As the saying goes, so many books, so little time. Picking out your favorite book would be akin to picking out your favorite child. Each has its own unique character. We’ve always had a special affinity for older books. Where words took center stage, not glaring, over-edited photos. Their crafty use of language painted vivid
One of our hobbies we enjoy is browsing museum gift shops and used bookstores for nuggets of information in the form of small books and pamphlets. Some are out-of-print so discovering these treasures is extra fun. As you can imagine, we have collected quite a few desert-related books over the years. If anything good can
Take a short walk on this quiet mountain trail, surrounded by pines and open spaces, and you see it up ahead. White crosses in a semi-circle, around the gnarled truck of a tree. So, what have you stumbled into here? Well, give us a minute or two and we’ll tell you about the mountain town that refused to live.
Here, just above the highway, are about 25 marked graves in the little cemetery that served the town mining town known as Doble. The names of those interred here, except for one child, are a mystery. crosses were placed here by Boy Scouts during the 1940s.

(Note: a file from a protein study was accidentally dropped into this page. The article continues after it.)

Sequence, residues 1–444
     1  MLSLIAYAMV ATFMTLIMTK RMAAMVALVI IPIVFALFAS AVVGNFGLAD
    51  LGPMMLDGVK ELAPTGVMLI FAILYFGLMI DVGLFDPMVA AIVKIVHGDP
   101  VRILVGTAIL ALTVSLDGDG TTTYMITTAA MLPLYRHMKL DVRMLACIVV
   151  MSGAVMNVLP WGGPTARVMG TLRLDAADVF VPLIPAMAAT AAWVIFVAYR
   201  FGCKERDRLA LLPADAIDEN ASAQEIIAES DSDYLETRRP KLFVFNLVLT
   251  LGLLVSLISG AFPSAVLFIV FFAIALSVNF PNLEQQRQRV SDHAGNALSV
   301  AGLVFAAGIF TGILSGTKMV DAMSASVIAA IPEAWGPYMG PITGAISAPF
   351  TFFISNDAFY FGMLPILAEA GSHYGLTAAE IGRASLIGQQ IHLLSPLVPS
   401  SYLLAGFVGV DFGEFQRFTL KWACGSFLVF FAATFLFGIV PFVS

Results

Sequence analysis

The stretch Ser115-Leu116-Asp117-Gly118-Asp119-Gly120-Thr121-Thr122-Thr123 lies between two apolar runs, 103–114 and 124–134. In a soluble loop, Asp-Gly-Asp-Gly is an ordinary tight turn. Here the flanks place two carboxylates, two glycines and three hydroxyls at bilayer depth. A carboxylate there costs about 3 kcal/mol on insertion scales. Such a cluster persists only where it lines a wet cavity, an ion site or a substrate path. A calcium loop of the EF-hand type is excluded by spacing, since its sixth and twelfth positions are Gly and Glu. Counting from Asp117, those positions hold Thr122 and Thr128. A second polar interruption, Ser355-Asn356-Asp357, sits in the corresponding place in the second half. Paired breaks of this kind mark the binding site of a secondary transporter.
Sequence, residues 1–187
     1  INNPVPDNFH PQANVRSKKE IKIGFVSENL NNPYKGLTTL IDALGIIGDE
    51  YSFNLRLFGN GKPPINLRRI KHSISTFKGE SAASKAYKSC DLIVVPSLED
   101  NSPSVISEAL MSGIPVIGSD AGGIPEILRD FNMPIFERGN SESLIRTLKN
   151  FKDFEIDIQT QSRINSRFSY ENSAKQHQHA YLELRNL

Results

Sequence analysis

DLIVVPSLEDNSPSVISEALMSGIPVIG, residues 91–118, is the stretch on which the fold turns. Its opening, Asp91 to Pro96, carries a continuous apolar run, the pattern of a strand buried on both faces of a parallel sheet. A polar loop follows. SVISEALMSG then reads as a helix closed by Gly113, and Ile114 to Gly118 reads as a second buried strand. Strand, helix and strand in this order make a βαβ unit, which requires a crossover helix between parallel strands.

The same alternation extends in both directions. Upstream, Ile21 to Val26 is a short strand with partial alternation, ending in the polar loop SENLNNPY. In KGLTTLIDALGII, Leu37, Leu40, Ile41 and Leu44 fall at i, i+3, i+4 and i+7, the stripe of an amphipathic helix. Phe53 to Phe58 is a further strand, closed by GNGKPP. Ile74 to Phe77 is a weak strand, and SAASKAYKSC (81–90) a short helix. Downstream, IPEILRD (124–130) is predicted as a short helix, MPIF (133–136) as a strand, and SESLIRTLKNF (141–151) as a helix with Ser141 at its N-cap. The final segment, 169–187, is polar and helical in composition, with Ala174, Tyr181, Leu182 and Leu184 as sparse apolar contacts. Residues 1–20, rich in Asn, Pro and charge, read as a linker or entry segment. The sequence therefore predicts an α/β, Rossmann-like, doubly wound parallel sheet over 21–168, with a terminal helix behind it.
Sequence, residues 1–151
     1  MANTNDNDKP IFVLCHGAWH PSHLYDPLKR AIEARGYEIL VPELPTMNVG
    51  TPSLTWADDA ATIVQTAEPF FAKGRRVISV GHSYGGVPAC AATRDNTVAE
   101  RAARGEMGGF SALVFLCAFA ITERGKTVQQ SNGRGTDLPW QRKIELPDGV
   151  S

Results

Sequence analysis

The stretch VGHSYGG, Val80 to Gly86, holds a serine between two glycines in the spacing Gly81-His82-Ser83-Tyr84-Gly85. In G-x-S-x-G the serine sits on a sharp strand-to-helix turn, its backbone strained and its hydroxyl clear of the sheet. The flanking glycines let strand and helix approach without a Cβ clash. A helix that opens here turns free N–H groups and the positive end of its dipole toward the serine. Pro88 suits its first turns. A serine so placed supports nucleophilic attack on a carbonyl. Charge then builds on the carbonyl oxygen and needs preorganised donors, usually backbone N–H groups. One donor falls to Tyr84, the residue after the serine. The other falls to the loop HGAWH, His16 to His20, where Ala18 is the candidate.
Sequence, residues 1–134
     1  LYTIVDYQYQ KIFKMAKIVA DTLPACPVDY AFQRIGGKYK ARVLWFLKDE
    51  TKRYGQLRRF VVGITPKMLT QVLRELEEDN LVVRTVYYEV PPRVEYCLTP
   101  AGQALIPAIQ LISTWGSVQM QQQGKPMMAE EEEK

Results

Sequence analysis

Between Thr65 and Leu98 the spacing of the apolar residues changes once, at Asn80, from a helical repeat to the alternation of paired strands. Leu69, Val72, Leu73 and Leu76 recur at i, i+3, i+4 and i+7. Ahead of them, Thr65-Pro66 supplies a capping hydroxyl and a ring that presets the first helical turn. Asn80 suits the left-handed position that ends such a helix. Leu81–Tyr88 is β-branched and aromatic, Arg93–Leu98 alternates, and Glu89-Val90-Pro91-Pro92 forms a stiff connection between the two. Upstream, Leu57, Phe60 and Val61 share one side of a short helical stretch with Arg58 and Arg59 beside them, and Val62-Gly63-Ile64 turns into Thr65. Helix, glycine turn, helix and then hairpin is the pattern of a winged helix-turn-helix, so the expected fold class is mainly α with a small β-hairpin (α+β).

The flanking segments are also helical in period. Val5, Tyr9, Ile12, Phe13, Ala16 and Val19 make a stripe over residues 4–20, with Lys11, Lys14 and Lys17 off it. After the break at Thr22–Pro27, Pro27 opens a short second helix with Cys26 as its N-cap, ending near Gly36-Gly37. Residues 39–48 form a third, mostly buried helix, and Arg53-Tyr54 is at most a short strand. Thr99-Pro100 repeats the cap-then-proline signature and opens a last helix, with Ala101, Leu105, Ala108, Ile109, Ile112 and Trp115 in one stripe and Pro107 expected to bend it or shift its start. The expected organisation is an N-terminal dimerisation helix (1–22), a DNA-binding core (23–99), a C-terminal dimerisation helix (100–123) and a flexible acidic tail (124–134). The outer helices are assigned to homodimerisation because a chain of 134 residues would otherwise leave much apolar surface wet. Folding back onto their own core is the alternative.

Before it was Doble, the place was known as “Bairdstown.” It came to life after the brothers Carter filed four gold mining claims in 1873, on the mountainside that now wears their name. The utterance of the word ‘gold’ was usually all it took, and the rush was on, probably before the brothers finished unpacking their picks and shovels…
Within two months of Holcomb’s discovery of gold in 1859, a town called Belleville sprang into existence at the entrance into Holcomb Valley, near the upper part of Van Dusen Canyon. It had a collection of stores, saloons, dance halls, and blacksmith shops. In 1860, the Wild West town lost its bid for county seat by a mere two votes.
Charles Wilbur was the first tax assessor in San Bernardino County. He was also a gold placer miner who lived in the area around the mid to late 1800s. He was well liked among his fellow miners who lived in the area and they voted for him to organize the miners and the boundary stones. Before he died he asked to be buried by his favorite pond, Wilbur’s Pond, and they did as he asked…
There’s an air in Big Bear that sets it uniquely apart from the bustling cities an hour away. Maybe it’s the vivid visual imagery at every turn, the crisp weather, nice people, diverse neighborhoods, or amenities. But I think it’s much more.
This is the stuff of our childhoods that sparked a thousand day dreams of the Wild West and beyond. Where the good guys fought the bad guys and always won. The world needs more of that…